Strabismus is a misalignment of the eyes. This can mean that one or both eyes deviate inward, outward, upward, or downward. The eye that is deviated typically is not being used by the brain for regular vision. The eyes work together, so if there is vision in both eyes, either eye will deviate depending on which eye is fixating (being used for vision). Usually the brain prefers to use one eye over the other eye, and so one eye will appear more chronically deviated.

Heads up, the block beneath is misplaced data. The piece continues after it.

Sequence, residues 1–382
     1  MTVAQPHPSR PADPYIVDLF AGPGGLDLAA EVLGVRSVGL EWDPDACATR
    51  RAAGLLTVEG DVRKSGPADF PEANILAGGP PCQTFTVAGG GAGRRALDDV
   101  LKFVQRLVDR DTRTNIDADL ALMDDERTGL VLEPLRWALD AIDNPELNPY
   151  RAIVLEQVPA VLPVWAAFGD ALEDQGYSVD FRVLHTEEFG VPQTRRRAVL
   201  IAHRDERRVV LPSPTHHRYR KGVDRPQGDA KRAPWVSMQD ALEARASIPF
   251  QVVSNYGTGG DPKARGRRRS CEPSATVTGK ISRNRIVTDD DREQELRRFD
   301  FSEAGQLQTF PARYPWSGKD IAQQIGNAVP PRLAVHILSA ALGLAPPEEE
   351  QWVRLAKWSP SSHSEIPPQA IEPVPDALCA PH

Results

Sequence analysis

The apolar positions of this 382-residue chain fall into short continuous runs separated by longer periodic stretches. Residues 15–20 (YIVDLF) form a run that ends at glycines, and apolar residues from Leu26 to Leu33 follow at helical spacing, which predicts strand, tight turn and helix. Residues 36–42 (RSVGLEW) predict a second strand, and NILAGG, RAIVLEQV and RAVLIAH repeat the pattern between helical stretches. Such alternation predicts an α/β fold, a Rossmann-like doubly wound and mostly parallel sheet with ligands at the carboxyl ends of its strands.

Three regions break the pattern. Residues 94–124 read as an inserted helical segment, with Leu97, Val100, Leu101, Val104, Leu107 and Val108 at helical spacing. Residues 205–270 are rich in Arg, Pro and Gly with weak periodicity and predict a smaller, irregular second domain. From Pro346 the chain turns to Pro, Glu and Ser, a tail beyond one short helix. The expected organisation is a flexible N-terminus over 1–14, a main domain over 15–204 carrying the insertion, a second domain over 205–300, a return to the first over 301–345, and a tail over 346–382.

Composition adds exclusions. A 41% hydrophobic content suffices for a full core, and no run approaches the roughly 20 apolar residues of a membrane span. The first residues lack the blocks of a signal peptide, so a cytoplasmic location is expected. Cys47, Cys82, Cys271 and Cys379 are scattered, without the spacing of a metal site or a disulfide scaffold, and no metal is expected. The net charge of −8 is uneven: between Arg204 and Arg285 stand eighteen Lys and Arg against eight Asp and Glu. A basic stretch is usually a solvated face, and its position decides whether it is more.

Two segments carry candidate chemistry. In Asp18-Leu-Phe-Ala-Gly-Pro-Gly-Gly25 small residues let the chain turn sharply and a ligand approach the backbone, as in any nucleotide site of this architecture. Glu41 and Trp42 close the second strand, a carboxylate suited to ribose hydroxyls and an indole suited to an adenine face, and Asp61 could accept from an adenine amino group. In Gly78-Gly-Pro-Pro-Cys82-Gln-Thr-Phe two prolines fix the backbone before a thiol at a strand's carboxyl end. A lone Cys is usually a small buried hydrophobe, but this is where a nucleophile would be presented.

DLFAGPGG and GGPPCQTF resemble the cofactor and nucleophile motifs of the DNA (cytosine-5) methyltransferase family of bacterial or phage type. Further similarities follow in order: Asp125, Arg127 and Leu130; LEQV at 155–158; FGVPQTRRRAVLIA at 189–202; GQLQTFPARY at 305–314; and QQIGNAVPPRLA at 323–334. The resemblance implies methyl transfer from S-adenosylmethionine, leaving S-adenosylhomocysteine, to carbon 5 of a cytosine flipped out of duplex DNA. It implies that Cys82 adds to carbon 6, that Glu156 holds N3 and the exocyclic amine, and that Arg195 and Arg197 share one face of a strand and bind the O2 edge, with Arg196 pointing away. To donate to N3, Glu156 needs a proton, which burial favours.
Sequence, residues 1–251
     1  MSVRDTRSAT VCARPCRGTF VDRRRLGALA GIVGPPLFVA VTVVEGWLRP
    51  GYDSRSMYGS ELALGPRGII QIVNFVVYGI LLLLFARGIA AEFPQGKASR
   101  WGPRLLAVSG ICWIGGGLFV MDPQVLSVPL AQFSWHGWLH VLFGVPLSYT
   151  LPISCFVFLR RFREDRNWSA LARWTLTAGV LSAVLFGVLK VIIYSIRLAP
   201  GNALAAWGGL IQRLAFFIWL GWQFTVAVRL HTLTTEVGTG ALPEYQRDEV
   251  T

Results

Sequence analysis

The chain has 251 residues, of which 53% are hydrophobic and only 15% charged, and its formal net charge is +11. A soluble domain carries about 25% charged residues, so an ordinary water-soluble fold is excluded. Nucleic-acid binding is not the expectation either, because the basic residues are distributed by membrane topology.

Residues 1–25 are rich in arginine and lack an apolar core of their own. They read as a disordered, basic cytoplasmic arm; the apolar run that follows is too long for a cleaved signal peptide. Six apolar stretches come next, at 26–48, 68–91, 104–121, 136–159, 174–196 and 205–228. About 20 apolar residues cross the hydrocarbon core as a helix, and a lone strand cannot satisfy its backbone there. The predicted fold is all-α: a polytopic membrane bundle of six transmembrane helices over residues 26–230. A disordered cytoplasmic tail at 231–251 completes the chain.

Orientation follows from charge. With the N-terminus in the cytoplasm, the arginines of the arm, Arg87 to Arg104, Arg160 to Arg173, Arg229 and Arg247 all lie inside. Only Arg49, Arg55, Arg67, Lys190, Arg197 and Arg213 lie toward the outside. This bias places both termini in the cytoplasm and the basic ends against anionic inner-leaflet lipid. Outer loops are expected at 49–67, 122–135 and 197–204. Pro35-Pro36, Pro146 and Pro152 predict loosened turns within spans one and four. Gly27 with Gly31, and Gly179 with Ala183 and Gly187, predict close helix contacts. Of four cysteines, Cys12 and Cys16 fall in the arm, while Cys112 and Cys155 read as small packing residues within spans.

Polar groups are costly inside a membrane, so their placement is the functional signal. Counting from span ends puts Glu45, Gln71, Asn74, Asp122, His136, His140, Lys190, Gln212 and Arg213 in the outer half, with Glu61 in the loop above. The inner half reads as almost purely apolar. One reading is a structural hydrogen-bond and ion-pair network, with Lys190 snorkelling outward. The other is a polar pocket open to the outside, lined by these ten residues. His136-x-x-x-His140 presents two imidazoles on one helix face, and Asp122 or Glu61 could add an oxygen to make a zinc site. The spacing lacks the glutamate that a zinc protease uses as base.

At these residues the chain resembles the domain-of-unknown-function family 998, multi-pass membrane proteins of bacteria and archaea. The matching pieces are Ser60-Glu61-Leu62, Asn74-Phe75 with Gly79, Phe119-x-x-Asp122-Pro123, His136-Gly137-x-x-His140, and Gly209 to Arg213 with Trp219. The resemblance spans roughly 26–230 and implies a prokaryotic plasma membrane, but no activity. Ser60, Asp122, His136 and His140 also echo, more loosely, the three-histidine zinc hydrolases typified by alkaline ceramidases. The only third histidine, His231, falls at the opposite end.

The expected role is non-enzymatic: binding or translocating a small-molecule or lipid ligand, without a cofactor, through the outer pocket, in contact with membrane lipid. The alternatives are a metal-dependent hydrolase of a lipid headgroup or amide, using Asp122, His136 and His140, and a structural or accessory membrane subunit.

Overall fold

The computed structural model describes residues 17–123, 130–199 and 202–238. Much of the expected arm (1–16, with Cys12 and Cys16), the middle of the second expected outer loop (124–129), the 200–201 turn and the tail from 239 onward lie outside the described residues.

Strabismus can be congenital (meaning that a child can be born with it), or acquired. Congenital cases of strabismus are typically do not cause double vision. This problem is usually treated surgically, with attention to any eye preference that develops because this can lead to amblyopia (see pediatric ophthalmology section). The causes of acquired strabismus vary widely, and can be harmless or may herald a dangerous process within the brain or orbit. Therefore, it is important to have acquired types of strabismus evaluated. Acquired types of strabismus typically cause double vision, especially in adults, unless the vision in the deviating eye is extremely poor. Treatment for the double vision usually involves prisms or surgery. Prisms are optical devices placed on spectacles which bend light rays toward their base, which, when given in the proper strength, can often allow patient’s eyes to remain in a deviated position but for the light to be placed into the correct location in their retina so that they see “single”, instead of double.